If you’ve got thoughts or — even better — want to get involved, please let us know. Some suggestions for making sure Mozilla is aware of your comments are at the end of this post.

Broader Mail Initiative

We would also like to find contributors committed to creating and implementing a new vision of mail. We would like to have a roadmap that brings wild innovation, increasing richness and fundamental improvements to mail. And equally importantly, we would like to find people with relevant expertise who would join with Mozilla to make something happen.

If we can see a path to an innovative mail initiative in addition to supporting existing Thunderbird users, then we are interested in doing so. If we find the best way to improve mail is incremental development of Thunderbird as already planned, then we’ve learned something extremely valuable as well.

Mozilla has a range of resources — funds, code, etc. — that can be applied to this problem. We’re looking for people with expertise, vision and leadership capabilities. If you are such a person, or know of such people, please let us know.

Discussion

If you’re interested in these topics, let us know. The web is great at distributed discussions, let’s see what we think about mail. I’ll moderate comments and trackbacks here quickly. If you want to make absolutely sure that Mozilla can find your thoughts easily, feel free to leave a pointer to them here. There’s also a page for each discussion on the Mozillla wiki, although they require you to log-in to edit. So if you have a Mozilla wiki account or are willing to create one, you can find these pages at the locations below. Go to the “Discussion” tab at the top to add your thoughts or pointers back to your posts.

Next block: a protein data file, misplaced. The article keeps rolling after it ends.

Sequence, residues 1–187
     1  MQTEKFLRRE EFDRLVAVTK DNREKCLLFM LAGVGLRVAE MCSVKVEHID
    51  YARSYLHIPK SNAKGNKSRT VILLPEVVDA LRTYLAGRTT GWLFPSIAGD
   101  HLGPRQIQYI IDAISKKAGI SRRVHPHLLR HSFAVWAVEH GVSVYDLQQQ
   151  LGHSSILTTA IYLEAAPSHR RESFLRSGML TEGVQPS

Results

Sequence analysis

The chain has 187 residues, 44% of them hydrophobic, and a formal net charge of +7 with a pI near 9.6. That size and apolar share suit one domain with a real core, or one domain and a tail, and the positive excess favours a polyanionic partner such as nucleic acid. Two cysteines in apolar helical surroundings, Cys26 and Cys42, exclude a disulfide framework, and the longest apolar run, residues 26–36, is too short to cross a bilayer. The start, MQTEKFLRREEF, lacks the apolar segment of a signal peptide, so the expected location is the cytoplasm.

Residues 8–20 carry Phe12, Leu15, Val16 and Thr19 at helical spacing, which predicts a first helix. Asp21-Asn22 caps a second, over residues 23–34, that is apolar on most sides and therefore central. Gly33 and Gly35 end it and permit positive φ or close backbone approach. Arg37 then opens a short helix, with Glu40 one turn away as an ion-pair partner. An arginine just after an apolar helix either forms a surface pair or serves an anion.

Thunderbird
Mail Initiative

188 comments for “Email Call to Action”

  1. 1

    Alex Graveley said on July 30th, 2007 at 10:44 am:

    This has been a long time coming.

    Follow Option #3:
    Set the ‘bird free and see where it goes.
    Galvanize the Mozilla messaging exclusively around Firefox.

  2. 2

    suseconfig said on July 30th, 2007 at 11:27 am:

    Back in 2004/2005, it was Firefox who convinced me that I had to ditch Windows 2000 in favour of Linux and open source. Without the Firefox experience, I should never have even contemplated trying out Thunderbird. I find it hard to believe that Thunderbird could cause a user to try out Firefox since Firefox has 10 or 20 times as many users as Thunderbird. And I don’t understand why a desktop e-mail client nowadays would be a necessary companion to a web browser which predominantly is an access point to any webbased app, not just to webbased mail services.

  3. 3

    fpiera said on July 30th, 2007 at 12:23 pm:

    I have been using thunderbird since the early versions and always had a useful por and smtp email client. Far more easy and useful than outlook. I hate webmail, I prefer pop and smtp as I like to store in my own facilities my own mail, and with thunderbird I can access my different mail accounts simultaneously from anyware when carrying my own pc.
    If thunderbird is dropped I will have to look for another email client, or go back to Eudora or Pegasus. I have a gmail account which I use via pop also without problems. One thing is a enterprise minded business and another the private user. If Mozzilla foundations drops thunderbird, they will be dropping a lot of private users.

  4. 4

    Nat said on July 30th, 2007 at 12:44 pm:

    I put my thoughts over at http://pseudoweb.net/crypts/2007/07/70/. but to quickly summarize, Thunderbird needs to split off into it’s own foundation, Firefox’s shadow is swallowing Thunderbird, denying it room to grow.

  5. 5

    OSZine said on July 30th, 2007 at 1:24 pm:

    Mozilla Thunderbird sucht neues zu Hause

    Die Mozilla Foundation arbeitet derzeit ausgiebig am Webbrowser Firefox und dessen Weiterentwicklung. Das hat zur Folge, dass laut Meinung der Stiftung nicht genügend Ressourcen für den EMail-Klienten Thunderbird existieren. Daher hat Mozilla nun 3 Vors

  6. 6

    Eugene Tucker said on July 30th, 2007 at 1:53 pm:

    Many of us got sold on Firefox and Thunderbird as a package. I think that Mozilla should stay the course. But other than that I guess option 1 or 2.

  7. 7

    Open Source Applications Foundation Blog said on July 30th, 2007 at 4:37 pm:

    Mozilla’s call for a new vision of email

    Mitchell Baker started a conversation about the future of email at Mozilla, looking for people to participate in “a new vision of mail”. OSAF should be engaging in this conversation, looking for ways to collaborate with Mozilla.